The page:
Given the great depth we're developing at running back, it's good that Weis is willing to give Thomas a chance at more playing time by shifting position. Certainly it always helps to get strong tacklers on defense -- despite the return of standouts like Crum and Zbikowski, there is a bit more uncertainty here with newer guys coming in. Based on his comments, I think Charlie doesn't mind starting with less experienced players, as long as they're the best on the field -- maybe he likes being able to get them before they've been molded in other defensive styles.

Weis also mentioned that Rhema McKnight is in great shape as is Jeff Samardzija, but the freshmen should get chances to play at receiver since these are the only two set guys. I'm interested to see McKnight again, because it's honestly hard to remember how real his ability was a few years ago, so outstanding was the effort by Samardzija and Stovall last year (and so much improved the offense overall). How will he fit in? Weis gave a nice expression of confidence: "I hope they double team Jeff every day because Rhema will have a field day."

Charlie said he's had conversations with Brady Quinn about him being "the public sacrificial lamb" for the team this year, what with all the magazine covers, interviews, and over-the-top Heisman hype. I'm a little concerned about how he'll handle the pressure, only because it is so intense. Last year, at least there was Leinart, Bush, and Young to be the primary focuses of media attention, while Quinn could put up stellar numbers without attracting quite the same pressure. On the other hand, with the exception of a very few instances when he seemed rattled, he responded well under the considerable pressure that did exist last year. A few years ago when the team was down, he'd come out on the field and lead excruciating three-and-outs; last year, when the team was down, he led cool comebacks and made clutch throws. Once he makes it through the first series of the first game, he should be fine. Certainly Weis will be there to make sure his head doesn't ever get too big:

Every time that Quinn throws an incomplete pass, he already knows it's coming. You can ask him because he already knows it's coming. And I will say, "Yeah, there's my Heisman Trophy winner." Or every time Samardzija drops the ball, I'll say, "Yeah, you'd better get that fastball geared up." You just know that it's going it be a regular it is going to be a comedy act in training camp because, you know, I've been working on my lines here all summer.

Sounds about right, and Weis is keeping everyone, not just the offensive stars, as grounded as he can. You can set goals of national championships, but you have to do it one game at a time. And first up is Georgia Tech, when we'll get to see how effective it's all been. (Was that a hedge? That PTSD hasn't entirely gone away.)

25 days, 20 hours, 20 minutes ... :)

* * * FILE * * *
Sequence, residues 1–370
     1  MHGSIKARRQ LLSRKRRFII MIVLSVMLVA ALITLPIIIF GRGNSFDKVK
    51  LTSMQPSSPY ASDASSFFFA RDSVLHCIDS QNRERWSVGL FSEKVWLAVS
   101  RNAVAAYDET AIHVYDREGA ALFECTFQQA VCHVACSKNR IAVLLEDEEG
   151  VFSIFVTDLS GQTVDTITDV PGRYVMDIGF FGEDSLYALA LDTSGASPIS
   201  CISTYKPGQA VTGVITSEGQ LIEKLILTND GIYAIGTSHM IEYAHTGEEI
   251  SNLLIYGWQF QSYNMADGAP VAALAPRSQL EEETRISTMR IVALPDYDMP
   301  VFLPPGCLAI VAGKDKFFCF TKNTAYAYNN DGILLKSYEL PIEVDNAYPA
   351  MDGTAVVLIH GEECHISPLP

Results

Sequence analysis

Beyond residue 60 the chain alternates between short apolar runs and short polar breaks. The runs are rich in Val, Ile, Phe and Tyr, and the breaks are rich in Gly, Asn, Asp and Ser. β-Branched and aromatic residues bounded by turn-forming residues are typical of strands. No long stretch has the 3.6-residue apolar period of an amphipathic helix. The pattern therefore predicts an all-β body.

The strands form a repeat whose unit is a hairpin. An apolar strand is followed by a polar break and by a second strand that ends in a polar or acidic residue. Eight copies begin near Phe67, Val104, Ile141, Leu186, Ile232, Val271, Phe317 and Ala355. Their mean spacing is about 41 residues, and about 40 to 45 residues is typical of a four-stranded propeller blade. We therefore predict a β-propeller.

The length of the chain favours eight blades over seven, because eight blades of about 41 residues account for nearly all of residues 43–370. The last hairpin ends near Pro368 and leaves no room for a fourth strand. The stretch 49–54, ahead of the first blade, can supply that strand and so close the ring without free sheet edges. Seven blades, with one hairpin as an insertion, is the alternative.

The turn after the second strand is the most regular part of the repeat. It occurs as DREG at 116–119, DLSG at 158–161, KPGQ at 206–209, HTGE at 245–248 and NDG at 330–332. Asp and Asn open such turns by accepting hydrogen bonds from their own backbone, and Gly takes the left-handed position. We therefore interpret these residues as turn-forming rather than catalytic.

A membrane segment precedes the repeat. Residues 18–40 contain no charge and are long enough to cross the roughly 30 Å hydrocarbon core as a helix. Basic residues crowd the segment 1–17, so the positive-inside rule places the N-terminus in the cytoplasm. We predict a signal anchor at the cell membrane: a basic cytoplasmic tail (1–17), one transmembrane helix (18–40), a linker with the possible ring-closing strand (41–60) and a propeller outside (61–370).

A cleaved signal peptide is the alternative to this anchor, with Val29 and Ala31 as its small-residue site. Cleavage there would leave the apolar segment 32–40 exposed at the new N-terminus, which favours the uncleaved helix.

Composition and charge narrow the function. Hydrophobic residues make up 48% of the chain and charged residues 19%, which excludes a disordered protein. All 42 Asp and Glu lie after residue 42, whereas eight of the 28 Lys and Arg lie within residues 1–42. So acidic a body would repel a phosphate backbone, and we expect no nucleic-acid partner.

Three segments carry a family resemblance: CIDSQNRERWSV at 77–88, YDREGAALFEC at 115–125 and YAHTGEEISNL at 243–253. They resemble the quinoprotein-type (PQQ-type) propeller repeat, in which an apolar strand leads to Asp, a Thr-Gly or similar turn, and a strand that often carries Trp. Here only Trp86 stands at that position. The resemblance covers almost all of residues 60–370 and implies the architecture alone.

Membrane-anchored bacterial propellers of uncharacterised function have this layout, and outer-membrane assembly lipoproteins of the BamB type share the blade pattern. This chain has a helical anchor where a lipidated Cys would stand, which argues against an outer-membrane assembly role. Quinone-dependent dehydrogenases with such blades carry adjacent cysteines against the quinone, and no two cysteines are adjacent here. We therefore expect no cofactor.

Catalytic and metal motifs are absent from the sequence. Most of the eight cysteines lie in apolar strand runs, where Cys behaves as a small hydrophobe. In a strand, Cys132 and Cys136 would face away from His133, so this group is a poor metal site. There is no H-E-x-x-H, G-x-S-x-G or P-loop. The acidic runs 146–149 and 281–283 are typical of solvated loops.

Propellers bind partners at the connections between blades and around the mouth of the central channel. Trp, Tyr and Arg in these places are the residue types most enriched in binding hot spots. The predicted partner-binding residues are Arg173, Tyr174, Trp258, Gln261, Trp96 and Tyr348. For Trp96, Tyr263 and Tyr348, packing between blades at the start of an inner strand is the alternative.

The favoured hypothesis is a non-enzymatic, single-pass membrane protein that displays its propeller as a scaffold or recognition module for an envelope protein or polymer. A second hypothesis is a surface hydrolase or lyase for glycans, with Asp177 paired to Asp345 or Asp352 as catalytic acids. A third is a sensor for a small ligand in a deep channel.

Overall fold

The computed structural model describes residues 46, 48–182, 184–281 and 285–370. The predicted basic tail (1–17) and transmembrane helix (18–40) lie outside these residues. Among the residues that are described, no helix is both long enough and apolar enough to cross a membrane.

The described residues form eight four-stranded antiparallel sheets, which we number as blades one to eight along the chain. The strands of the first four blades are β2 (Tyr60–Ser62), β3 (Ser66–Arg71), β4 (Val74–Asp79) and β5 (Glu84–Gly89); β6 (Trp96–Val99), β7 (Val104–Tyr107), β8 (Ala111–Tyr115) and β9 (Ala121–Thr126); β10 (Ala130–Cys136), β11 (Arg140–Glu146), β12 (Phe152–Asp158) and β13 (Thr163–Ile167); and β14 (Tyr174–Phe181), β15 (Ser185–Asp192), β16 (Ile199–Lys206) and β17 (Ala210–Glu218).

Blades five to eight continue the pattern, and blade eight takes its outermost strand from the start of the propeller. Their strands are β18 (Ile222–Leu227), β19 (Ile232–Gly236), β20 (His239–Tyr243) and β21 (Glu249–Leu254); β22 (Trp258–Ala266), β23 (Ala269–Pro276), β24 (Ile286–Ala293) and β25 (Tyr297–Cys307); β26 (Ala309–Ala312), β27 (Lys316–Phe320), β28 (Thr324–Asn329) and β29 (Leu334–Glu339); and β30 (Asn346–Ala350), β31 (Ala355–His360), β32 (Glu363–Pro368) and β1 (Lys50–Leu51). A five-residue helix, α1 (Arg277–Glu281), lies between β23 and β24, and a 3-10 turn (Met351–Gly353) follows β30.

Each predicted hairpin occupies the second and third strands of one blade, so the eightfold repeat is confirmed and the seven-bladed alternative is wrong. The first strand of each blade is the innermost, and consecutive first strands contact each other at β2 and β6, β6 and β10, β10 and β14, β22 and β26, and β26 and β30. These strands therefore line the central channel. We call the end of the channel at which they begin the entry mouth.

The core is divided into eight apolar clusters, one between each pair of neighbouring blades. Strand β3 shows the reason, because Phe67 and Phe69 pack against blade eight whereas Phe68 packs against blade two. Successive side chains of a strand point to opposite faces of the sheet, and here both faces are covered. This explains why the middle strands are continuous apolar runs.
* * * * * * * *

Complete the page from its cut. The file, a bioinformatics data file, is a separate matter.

New date, same (liberal) storyline

Last December I commented on a Washington Post Magazine cover story about gay couples leaving Virginia because the state's intolerant and homophobic lawmakers "chased them across the Potomac." I promised to let you know if I ever saw a story of similar prominence and slant (namely, with minimal opposing perspectives) -- or even of lesser prominence, with balance -- run on families who might conversely be choosing to move to places like Virginia because of their stronger marriage laws. Checking in a few months on, I can now point out . . . a Metro page 1 story about gay couples leaving Virginia because of Virginia state legislators passing "hostile" legislation. The article does qualify the phrase by saying the legislation is "perceived" as hostile, not objectively is so. (Commenters on the article exercise no such restraint, calling the state hateful, backwards, Nazi-like, reminiscent of Jim Crow, etc. They also direct a lot of derision towards religion in general and Christianity in particular, though these are nowhere mentioned in the article.) Not that the article is a model of balance. It talks to four couples and cites a couple dozen who have made the move across the Potomac to more pleasant and tolerant locales -- but Virginia has grown by half a million people in the last five years, so some people must be finding Virginia an attractive place to live; what's drawing people to the state? Besides noteworthy economic growth, maybe four couples or a couple dozen out of that half-million found the presence of stronger marriage laws (and a less likely chance of court-imposed SSM) part of the draw. Some gay couples have certainly stayed in Virginia, and maybe, the article admits, some moved to the District just because "they want the excitement of city life." In other words, maybe there's no real trend here -- or if there is, certainly it's not the whole story. The Post has missed another opportunity to look critically at a story that has many more dimensions than just the liberal one that seems relatively standard at this paper.